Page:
been a complete failure. The pupils of the eyes stared moribundly at me, and the mouth gave an unnatural, grotesque grin. Bits of straw had been made to look like grass, and there was tall fern for background, as if the poor creature were alive and well in its natural habitat. The red pelt, no doubt treated with chemicals, stood up like shining wires on its back, and the brush had been arranged like a piece of crimson linen around its hind paws. The idea had doubtless been to freeze the creature's vitality inside the glass case, but the finished article was entirely unconvincing. Where once there had been the muscular warmth of life there was now only the coldness of death, instead of the cunning hunter's energy and strength only the stillness of death, fixed for ever.
The real fox I saw on the slopes of Mynydd y Crugau is an image that belongs to one particular Christmas long ago in the days of my youth, but that dead fox under glass is to this day a new and terrifying symbol in my mind. The country Welshness of my old home isn't likely to flash across my path ever again, although the Welsh language is still sweet on the lips of children there, so far, at least. But the thought of the old rural culture's being stuffed and arranged under glass, to satisfy the curious eyes of generations to come, has been a nightmare in my consciousness ever since I saw that dead fox. It has become one of the most alarming symbols in my mind. I'd give the world to see the creature, by some wondrous magic, spring to life, break the glass into smithereens with all its force, and leap out of the parlour window and head for the mountain.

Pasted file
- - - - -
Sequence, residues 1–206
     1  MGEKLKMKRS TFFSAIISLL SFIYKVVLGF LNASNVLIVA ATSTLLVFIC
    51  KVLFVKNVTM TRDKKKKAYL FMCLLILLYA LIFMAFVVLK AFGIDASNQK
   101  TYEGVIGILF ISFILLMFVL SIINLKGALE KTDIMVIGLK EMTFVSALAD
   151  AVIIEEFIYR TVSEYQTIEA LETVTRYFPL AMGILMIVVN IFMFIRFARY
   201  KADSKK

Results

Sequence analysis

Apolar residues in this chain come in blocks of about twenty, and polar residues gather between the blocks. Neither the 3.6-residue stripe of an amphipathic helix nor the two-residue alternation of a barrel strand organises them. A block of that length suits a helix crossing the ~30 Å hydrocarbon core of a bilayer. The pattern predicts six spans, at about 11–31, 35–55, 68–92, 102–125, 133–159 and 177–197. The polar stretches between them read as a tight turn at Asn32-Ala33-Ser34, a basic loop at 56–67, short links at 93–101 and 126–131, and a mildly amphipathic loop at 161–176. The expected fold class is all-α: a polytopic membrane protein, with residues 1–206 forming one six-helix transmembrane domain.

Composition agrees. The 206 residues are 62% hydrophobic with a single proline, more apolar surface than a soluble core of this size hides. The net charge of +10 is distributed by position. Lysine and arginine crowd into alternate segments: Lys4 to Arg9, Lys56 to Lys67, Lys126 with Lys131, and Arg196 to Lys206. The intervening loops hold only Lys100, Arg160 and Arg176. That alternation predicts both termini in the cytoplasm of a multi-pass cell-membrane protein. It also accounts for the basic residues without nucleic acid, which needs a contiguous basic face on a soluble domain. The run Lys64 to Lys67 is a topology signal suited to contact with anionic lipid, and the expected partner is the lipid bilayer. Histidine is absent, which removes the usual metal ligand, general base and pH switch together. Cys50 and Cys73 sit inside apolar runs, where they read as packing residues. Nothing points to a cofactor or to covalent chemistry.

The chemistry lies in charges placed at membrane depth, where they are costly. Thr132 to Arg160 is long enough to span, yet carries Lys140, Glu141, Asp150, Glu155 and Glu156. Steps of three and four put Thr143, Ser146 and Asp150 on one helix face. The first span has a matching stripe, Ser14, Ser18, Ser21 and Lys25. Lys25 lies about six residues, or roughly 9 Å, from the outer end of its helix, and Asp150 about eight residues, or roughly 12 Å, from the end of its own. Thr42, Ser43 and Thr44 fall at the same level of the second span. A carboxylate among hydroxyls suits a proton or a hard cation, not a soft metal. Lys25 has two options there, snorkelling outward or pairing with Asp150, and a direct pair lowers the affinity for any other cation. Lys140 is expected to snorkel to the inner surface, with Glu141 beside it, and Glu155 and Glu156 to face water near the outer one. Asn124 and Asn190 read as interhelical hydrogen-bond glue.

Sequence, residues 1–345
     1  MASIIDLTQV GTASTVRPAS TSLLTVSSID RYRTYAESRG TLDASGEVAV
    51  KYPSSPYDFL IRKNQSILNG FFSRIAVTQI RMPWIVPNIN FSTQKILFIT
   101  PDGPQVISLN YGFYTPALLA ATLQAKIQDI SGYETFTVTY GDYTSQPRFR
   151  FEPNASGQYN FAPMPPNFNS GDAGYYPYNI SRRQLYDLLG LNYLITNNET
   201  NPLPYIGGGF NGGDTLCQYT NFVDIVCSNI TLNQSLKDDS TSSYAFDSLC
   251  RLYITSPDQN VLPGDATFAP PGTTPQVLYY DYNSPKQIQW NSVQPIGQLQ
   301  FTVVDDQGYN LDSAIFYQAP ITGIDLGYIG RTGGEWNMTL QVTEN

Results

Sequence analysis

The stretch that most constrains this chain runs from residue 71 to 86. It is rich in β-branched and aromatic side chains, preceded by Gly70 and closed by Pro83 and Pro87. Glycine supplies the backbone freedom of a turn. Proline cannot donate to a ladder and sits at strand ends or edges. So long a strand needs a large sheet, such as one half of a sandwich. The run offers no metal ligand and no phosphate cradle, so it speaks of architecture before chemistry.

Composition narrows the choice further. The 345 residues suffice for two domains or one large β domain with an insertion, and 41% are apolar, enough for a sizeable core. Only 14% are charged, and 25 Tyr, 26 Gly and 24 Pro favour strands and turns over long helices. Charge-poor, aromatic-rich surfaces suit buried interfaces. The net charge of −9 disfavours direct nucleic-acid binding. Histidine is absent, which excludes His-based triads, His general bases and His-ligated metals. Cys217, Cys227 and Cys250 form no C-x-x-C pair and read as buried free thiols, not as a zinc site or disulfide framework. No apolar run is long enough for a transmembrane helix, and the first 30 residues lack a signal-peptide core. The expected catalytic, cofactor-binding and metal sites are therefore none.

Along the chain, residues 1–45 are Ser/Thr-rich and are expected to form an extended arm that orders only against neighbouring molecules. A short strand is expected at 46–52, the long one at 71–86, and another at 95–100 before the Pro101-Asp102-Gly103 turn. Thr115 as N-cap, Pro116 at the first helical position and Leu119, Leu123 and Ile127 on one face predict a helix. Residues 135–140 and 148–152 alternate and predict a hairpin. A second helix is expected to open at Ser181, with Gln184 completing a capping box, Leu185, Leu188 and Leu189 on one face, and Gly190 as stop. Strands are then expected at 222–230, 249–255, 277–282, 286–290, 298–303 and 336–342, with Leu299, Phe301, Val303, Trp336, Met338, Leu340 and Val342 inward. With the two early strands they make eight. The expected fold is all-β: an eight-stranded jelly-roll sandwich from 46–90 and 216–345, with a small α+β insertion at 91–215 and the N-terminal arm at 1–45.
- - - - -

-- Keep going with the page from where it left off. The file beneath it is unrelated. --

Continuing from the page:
Barn (275, Rhagfyr, 1985)
John Roberts Williams
For me it's been a week of seeing the mountains of my years being rolled back like a carpet, a warning that history isn't just something that happens between one Saturday and the next but some sort of strange pattern made up of various bits and pieces that are welded together to create what's called life.